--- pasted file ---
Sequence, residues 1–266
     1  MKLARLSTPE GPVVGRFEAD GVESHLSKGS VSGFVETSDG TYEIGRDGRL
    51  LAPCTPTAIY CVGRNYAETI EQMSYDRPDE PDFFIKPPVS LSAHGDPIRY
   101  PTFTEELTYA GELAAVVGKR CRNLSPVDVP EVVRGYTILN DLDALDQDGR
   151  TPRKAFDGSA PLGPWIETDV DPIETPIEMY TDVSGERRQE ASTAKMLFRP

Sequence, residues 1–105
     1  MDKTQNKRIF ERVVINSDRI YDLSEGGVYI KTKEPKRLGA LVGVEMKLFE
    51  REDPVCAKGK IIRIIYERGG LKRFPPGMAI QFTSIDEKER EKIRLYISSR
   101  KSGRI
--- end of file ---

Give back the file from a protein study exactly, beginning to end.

Sequence, residues 1–266
     1  MKLARLSTPE GPVVGRFEAD GVESHLSKGS VSGFVETSDG TYEIGRDGRL
    51  LAPCTPTAIY CVGRNYAETI EQMSYDRPDE PDFFIKPPVS LSAHGDPIRY
   101  PTFTEELTYA GELAAVVGKR CRNLSPVDVP EVVRGYTILN DLDALDQDGR
   151  TPRKAFDGSA PLGPWIETDV DPIETPIEMY TDVSGERRQE ASTAKMLFRP

Sequence, residues 1–105
     1  MDKTQNKRIF ERVVINSDRI YDLSEGGVYI KTKEPKRLGA LVGVEMKLFE
    51  REDPVCAKGK IIRIIYERGG LKRFPPGMAI QFTSIDEKER EKIRLYISSR
   101  KSGRI